For some parents of ninth-graders, figuring out how their child is going to get from the first day of school in ninth grade to graduation day four years later seems to be a daunting task, with state standards, assessments and district course requirements to consider. For others with previous experience of children graduating from high school, it’s merely taking the time for a quick refresher.
In reality, many policies, procedures and standards are in place to help families navigate the path towards graduation. Like all school districts, Rockford Area Schools’ Board of Education has a graduation policy regarding what a student needs to complete before earning a diploma from Rockford High School. Among those graduation requirements are:
• A definite number of specific courses that a student must pass.
• A definite number of elective courses, chosen by the student, that must be passed.
• The fulfillment of any requirements imposed by the state of Minnesota.
Based on guidelines provided by state law, each district determines the certain courses that every student must pass before graduating from high school. Rockford Area Schools requires students to pass 37 courses in the areas of English (eight), mathematics (eight), science (eight), social studies (eight), health (one) and physical education (one), Senior Seminar (one) and the arts (two).
Mikayla Erickson, a current senior bound for Arizona State University, recently explained, “You’re basically put in all the classes you need, you just have to work at succeeding.”
Rockford High School staff prepares a course catalog each year to help students as they go through high school.
Additionally, students are required to complete another 19 to 25 courses of their choosing, based on the year they plan to graduate.
“The number of electives required of our students is different depending upon which year the student graduates,” Principal Ryan Jensen said. “The reason for that is the changes we have made both to the number of classes a student can possibly take in one year and the total amount of credits we want our graduates to have to be college- and career-ready.”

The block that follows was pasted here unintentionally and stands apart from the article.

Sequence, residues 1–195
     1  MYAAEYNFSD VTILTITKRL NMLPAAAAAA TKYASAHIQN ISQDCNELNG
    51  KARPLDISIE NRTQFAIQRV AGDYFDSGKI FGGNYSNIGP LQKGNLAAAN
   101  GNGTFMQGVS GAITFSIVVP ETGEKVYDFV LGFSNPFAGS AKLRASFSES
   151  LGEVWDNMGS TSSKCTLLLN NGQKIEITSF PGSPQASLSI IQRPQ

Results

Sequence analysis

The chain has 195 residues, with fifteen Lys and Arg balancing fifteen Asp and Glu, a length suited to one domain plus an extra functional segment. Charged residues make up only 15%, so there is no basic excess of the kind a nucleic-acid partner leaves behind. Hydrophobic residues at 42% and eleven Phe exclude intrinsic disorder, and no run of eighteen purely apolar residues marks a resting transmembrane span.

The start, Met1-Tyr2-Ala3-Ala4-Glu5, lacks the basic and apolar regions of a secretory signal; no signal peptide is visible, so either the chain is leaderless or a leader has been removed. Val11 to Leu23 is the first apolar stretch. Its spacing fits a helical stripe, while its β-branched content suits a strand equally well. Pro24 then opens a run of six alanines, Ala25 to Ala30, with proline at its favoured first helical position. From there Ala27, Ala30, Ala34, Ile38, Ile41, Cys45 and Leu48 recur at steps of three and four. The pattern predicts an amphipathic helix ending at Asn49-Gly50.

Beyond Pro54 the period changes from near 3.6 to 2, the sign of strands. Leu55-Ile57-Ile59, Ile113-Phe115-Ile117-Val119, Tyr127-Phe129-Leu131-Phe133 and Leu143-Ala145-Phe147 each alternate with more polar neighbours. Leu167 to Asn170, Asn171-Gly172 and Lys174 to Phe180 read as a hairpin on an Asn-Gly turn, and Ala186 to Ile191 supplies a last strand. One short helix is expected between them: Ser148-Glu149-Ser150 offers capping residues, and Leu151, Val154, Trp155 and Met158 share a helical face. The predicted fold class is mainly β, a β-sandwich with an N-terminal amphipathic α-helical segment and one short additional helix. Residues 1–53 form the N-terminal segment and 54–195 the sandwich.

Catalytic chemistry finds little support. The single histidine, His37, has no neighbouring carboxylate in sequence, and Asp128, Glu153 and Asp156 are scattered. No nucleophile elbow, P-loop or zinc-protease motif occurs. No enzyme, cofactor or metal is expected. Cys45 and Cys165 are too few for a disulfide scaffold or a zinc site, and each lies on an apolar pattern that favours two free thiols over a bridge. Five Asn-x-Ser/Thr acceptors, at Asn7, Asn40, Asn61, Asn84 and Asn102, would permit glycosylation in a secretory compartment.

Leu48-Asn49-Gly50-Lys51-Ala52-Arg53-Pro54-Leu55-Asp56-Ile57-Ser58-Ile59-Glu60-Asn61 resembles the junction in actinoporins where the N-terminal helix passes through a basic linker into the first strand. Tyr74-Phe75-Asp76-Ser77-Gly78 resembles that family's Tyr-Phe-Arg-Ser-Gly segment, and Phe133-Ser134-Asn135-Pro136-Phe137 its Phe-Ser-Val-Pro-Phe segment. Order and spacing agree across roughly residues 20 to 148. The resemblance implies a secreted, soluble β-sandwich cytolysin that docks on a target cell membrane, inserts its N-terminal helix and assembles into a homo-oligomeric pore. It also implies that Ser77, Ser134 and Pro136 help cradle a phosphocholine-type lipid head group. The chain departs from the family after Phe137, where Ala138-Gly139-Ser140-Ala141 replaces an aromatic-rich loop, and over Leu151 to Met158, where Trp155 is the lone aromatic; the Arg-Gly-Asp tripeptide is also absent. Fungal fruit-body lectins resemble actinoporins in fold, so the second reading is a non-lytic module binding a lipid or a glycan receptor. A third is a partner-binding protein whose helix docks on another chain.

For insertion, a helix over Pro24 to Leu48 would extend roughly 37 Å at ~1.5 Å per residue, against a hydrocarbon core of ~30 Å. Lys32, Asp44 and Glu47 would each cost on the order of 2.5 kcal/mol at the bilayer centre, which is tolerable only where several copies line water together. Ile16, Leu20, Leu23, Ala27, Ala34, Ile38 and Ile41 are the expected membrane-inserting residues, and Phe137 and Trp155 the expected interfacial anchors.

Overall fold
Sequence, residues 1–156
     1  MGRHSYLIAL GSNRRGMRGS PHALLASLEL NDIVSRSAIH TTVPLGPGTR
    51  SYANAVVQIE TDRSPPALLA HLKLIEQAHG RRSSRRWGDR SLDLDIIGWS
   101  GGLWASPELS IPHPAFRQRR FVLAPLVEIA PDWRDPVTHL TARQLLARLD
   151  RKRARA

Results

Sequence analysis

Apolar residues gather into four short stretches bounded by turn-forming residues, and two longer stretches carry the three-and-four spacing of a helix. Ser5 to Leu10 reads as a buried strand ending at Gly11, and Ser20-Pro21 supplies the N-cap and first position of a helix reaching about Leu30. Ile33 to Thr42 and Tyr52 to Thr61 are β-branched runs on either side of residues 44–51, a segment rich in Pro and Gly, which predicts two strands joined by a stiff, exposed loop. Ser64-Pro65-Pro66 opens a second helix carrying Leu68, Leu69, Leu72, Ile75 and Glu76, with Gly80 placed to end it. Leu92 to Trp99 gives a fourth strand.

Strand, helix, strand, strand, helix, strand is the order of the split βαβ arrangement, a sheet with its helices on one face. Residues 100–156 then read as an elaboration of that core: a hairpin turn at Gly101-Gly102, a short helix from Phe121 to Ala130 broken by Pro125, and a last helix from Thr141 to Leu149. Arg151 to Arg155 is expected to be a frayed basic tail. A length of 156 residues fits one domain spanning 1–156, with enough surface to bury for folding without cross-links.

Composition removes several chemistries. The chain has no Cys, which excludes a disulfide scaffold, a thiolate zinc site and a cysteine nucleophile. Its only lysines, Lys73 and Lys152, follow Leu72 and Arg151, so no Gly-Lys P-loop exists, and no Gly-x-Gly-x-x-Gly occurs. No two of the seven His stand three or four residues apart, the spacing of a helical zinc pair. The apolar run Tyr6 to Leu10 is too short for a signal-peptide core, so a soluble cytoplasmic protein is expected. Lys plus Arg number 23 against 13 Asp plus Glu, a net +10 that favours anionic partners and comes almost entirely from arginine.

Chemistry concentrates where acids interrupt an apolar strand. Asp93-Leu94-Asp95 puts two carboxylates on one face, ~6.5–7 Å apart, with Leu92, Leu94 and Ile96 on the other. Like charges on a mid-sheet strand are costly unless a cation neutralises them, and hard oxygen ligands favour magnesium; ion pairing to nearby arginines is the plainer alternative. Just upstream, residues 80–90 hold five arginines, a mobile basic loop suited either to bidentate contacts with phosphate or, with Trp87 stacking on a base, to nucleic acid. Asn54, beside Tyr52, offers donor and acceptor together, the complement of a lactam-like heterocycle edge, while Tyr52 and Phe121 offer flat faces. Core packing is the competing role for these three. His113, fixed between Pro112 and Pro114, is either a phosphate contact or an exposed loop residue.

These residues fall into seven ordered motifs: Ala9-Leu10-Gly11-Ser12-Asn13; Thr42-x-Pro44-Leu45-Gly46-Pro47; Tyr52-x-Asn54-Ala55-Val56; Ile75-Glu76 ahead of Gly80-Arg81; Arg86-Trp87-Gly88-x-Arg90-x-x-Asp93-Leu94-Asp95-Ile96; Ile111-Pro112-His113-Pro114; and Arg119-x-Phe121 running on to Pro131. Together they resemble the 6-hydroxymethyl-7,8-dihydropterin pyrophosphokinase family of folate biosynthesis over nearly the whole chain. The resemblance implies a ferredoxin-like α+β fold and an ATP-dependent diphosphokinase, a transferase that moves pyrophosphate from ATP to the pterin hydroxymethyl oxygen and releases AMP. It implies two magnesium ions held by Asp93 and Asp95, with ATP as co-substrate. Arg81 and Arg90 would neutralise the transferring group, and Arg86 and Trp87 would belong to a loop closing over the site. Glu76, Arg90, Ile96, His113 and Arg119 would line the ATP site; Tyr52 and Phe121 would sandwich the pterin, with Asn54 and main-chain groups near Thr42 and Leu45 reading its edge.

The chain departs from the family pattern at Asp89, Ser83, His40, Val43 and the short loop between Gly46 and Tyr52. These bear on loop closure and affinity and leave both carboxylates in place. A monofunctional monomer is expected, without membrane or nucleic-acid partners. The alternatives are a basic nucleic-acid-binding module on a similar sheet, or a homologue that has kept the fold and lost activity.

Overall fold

Students make elective choices for a variety of reasons.
Abby Botten, a senior who will be attending the University of Wisconsin-LaCrosse, said she chose electives she found interesting.
“Going through physical therapy and participating in sports got me interested in being a physical therapist,” she said.
Asked about the graduation requirement process, neither Botten nor Erickson indicated that they had thought much about it until their senior year. They agreed that the senior meeting held in the fall, along with individual meetings with the high school counselor, Laura Weisbrich, gave them the information they needed.
“If you don’t fail a class, you shouldn’t have to worry about it,” Botten advised.
In addition to local school district requirements, the state of Minnesota also has some requirements for graduation. Jensen noted there have been recent changes.
“Last spring the Minnesota Legislature adopted a law that allows students who don’t achieve proficiency on the current MCAs to be granted diplomas — provided they have taken an accepted standardized test like the SAT, ACT or ASVAB. Currently all of our juniors take the ASVAB, so our students will be covered,” he said.
So, while it may look daunting to a first-timer, the path to graduation is easily identifiable and well-traveled.